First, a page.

2 Killers 0 Convictions: The Brighton Trunk Murders

2 Killers 0 Convictions: The Brighton Trunk Murders

Patrick Lynch - January 23, 2017

The seaside town of Brighton, England was home to two bizarrely similar murders that were completely unrelated. In 1934, two women were killed and their bodies placed in a trunk. The work of a serial killer perhaps? Not so. Although no one was convicted of either murder, the police had a strong suspect in the first case but not enough evidence for an arrest. The second case resulted in an arrest and a trial but ultimately, an acquittal.

2 Killers 0 Convictions: The Brighton Trunk Murders
Report on first trunk murder with Spilsbury on left in picture. Hold the Front Page

The Mysterious June Murder

Brighton’s catchphrase was ‘The Queen of Watering Places,’ but after the two trunk murders, it was nicknamed ‘The Queen of Slaughtering Places.’ On June 17, 1934, a railway employee investigated a terrible smell coming from a wooden trunk. The plywood box was left there 11 days previously, and its foul stench was impossible to ignore. He was horrified to discover the dismembered torso of a woman.

Train officials all over the United Kingdom were alerted after the grisly discovery at Brighton Railway Station. A second suitcase was found in London King Cross Station the following day. It contained what turned out to be the legs of the same woman. The arms and head of the victim were never found.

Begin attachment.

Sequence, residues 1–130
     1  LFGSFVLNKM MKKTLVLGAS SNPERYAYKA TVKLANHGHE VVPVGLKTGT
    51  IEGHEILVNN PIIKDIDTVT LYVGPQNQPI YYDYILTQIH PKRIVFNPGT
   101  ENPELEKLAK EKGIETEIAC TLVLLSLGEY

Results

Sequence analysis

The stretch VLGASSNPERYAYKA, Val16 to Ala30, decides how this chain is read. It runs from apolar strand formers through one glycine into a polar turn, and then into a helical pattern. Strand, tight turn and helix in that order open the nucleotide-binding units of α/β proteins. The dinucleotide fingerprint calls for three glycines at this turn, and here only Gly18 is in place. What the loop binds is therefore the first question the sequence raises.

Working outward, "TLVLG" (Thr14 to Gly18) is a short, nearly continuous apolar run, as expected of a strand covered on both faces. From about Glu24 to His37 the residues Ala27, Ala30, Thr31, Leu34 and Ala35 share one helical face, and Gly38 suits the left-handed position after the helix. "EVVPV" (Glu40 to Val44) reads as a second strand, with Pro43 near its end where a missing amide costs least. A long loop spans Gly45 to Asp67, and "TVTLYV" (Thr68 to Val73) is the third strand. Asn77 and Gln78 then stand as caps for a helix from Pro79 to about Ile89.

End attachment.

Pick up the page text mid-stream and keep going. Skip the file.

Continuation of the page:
The victim received the nickname ‘Pretty Feet’ because her feet were like those of a dancer. Tragically, a post-mortem revealed the woman was five months pregnant at the time of the murder. The savage butchering of the corpse meant the cause of death was initially unknown, and the victim’s identity could not be ascertained. Forensic analysts said the woman was between 21 and 28 years old, weighed approximately 119 pounds and was 5 feet 2 inches tall.

The police suspected a local abortionist called Massiah and Chief Inspector Ronald Donaldson told his officers to keep the suspect under surveillance. One of the men decided to confront Massiah in the belief that the doctor would confess. Instead, Massiah wrote out a list of names. Released without charge, the doctor went to London where a woman died while he was carrying out an illegal abortion. Once again, he escaped without charge and only came off the General Medical Register in 1952 when he retired to Trinidad!

The police had little evidence to go on barring a piece of paper with the word ‘Ford’ written on it. Sir Bernard Spilsbury performed the post mortem, and he wasn’t convinced that Massiah was the killer. For a start, there was no sign of any interference with the pregnancy and the murder was committed by someone with no real anatomical skill. This would seem to discount Massiah from the equation. He concluded that the cause of death was probably a blow to the head with a heavy, blunt instrument.

The nation was horrified when details of the murder came to light. The cops called in Scotland Yard to assist with a nationwide search. The police checked hospitals and known abortionists while the cases of 700 missing women were reviewed. Eventually, they concentrated on door-to-door searches and it was during this process that they made a grisly discovery in what was a remarkable coincidence.